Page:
Christian Bourion: It is often difficult to change things without leaving your post. The first step in limiting the risks of boron-out is to become aware of your situation. Spending time doing nothing at the office imprisons the person in a form of “normality” that is not normal! Taking a step back is essential and life-saving. People affected by burn-out lock themselves into incessant work, those confronted with bore-out lock themselves into boredom. For a person who has been boarded up, other than resignation, there is unfortunately not much escape. For others, especially young people, who are sometimes employed in “useless” positions at the start of their careers, it is possible to learn from this situation. You have to take advantage of it to develop despite everything, to find out what your real professional aspirations are, what you really want to achieve through your work. This often makes it possible to put in place strategies to make things evolve, to establish a dialogue with your hierarchy and to point out that you deserve better than an empty position. To continue to move forward, to flourish, you have to refuse to let yourself be immured in professional boredom.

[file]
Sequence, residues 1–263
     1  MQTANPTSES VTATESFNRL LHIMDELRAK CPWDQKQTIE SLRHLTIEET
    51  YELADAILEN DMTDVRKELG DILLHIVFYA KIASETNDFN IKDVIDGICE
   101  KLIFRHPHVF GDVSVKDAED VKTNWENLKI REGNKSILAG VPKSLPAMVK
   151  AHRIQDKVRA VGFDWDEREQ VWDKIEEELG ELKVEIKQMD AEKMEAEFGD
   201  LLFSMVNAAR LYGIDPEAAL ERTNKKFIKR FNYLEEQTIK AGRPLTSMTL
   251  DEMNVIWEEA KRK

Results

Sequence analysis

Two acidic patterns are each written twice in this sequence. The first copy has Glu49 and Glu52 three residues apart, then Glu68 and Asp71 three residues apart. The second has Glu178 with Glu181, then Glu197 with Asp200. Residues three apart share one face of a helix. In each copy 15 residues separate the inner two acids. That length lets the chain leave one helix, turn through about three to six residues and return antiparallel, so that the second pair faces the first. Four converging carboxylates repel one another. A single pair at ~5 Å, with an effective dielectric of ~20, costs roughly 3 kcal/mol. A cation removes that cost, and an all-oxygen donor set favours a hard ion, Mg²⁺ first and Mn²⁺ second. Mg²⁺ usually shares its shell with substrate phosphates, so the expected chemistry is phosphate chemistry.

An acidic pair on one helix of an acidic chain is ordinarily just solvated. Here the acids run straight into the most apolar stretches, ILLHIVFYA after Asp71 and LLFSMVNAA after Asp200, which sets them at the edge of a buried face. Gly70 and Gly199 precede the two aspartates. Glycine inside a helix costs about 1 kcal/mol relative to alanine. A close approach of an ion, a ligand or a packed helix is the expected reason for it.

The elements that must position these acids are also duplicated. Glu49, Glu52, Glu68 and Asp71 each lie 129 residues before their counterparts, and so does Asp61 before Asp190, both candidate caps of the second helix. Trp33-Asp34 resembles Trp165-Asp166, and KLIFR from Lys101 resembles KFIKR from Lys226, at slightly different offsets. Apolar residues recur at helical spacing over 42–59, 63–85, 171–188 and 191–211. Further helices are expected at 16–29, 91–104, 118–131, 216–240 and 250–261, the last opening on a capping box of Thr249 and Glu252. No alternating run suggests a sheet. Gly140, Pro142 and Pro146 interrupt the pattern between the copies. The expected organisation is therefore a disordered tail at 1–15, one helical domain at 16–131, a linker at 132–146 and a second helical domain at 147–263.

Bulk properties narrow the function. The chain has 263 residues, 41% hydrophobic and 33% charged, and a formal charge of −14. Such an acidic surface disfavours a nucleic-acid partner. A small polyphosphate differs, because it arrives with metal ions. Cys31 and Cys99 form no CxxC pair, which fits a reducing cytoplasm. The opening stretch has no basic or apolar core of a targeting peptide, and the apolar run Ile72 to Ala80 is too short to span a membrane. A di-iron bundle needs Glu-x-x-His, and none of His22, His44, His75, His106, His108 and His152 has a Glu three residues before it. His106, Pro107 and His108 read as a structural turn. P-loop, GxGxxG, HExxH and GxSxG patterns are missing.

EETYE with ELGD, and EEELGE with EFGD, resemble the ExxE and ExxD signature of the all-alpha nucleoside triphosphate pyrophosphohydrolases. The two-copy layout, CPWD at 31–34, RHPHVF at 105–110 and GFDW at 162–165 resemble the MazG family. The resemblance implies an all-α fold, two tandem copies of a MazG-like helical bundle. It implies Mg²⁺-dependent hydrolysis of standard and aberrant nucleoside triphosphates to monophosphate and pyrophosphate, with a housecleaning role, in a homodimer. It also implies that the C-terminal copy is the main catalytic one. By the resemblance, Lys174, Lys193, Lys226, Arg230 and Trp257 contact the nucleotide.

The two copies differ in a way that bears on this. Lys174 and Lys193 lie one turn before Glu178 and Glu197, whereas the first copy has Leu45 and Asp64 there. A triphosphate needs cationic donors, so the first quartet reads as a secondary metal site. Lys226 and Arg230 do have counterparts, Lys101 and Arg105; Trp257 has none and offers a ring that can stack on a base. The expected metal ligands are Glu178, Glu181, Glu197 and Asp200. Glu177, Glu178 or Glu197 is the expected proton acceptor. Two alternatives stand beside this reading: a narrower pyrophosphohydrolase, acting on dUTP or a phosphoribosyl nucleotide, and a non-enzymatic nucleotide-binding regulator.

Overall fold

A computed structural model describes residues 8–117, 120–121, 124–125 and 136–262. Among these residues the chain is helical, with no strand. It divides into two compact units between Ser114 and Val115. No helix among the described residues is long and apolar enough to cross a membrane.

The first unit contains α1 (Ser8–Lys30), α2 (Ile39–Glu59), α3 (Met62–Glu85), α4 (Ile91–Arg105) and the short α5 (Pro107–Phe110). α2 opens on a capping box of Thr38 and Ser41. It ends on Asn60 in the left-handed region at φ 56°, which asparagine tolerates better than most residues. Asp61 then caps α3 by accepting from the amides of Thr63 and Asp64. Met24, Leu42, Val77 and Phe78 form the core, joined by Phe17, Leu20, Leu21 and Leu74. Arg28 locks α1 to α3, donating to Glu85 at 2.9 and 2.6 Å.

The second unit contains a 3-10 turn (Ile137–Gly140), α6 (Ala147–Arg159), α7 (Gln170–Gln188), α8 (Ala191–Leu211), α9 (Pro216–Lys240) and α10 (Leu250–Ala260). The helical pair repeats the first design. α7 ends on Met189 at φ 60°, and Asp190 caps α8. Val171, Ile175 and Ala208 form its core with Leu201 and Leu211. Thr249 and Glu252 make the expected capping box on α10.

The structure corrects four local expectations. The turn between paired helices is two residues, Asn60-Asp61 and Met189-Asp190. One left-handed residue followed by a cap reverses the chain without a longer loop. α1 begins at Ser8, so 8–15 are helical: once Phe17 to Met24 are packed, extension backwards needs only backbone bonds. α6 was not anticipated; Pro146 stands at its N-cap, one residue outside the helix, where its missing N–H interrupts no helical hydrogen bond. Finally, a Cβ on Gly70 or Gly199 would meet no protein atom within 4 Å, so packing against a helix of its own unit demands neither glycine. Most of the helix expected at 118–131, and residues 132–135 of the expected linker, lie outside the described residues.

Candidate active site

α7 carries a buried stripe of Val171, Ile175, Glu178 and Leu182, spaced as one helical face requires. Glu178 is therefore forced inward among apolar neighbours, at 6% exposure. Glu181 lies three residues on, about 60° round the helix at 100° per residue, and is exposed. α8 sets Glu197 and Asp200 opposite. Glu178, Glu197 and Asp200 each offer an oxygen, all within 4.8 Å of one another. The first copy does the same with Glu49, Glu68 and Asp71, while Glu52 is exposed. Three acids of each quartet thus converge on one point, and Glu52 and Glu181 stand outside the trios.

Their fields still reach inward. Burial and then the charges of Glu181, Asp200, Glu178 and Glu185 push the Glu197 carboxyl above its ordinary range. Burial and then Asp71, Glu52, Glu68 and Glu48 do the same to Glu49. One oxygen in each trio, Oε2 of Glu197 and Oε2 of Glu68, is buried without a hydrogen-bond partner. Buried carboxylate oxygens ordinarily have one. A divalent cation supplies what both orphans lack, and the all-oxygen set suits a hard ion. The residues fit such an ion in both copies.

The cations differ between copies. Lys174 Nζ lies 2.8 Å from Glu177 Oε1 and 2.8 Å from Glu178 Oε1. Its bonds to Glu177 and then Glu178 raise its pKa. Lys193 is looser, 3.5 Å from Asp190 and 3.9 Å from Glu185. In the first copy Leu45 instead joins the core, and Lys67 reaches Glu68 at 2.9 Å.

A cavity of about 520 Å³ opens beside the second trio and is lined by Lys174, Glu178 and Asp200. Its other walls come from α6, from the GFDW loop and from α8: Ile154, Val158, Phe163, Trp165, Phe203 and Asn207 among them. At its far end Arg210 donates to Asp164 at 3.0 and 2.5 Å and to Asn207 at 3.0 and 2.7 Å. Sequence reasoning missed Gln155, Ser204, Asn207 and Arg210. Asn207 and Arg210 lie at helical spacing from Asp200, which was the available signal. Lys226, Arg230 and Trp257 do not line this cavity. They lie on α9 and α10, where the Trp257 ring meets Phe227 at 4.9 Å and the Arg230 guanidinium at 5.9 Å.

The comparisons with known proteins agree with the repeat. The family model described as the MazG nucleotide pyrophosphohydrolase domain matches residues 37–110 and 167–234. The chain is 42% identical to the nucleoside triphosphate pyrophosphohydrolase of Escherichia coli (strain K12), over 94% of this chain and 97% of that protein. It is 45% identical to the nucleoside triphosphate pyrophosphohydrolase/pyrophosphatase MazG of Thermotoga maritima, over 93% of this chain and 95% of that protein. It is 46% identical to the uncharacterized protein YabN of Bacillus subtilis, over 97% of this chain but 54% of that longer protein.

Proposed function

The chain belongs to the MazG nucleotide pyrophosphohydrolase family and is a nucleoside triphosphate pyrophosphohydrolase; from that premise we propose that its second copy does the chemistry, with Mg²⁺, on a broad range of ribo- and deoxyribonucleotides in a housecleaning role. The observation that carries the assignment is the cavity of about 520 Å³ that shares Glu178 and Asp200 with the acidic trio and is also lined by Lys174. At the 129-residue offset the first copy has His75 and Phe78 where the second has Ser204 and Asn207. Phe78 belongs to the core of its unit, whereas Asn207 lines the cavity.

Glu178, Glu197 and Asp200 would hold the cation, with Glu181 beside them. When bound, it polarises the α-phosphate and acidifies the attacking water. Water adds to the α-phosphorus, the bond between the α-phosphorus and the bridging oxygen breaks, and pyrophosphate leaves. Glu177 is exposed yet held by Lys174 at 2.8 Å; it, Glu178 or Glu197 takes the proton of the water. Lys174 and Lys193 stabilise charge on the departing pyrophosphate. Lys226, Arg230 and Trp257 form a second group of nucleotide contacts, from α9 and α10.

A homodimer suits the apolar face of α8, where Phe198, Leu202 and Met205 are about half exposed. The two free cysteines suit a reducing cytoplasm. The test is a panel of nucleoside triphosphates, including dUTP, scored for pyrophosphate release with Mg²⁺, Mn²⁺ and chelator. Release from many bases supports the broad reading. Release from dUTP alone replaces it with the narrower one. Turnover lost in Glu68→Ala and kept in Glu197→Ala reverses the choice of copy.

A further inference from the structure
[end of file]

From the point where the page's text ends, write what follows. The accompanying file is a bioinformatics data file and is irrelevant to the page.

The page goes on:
In The civil servant paradox (ed. Albin Michel, 2011) Zoé Shepard, alias Aurélie Boullet, territorial administrator, denounces the uselessness of certain civil service positions in France. This story sparked a lively controversy but also testified, for the first time, to the suffering caused by boredom at work.
Bore-out: the symptoms
Demotivation, anxiety, sadness… these are the first symptoms felt by employees confronted with boredom on a daily basis. In the long term, the bore-out will set in with a strong feeling of self-devaluation which can lead to a deconstruction of the personality and depressive falls.
The Bore-out syndrome, when boredom at work drives you crazy by Christian Bourion
Le Bore-out, when boredom at work makes you sick by François Baumann